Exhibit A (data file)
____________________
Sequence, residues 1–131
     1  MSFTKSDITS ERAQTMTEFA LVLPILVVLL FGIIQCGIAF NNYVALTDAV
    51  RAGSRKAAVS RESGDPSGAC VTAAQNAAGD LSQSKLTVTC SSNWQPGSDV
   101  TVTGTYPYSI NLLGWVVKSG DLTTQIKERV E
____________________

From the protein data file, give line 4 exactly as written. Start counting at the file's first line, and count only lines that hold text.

   101  TVTGTYPYSI NLLGWVVKSG DLTTQIKERV E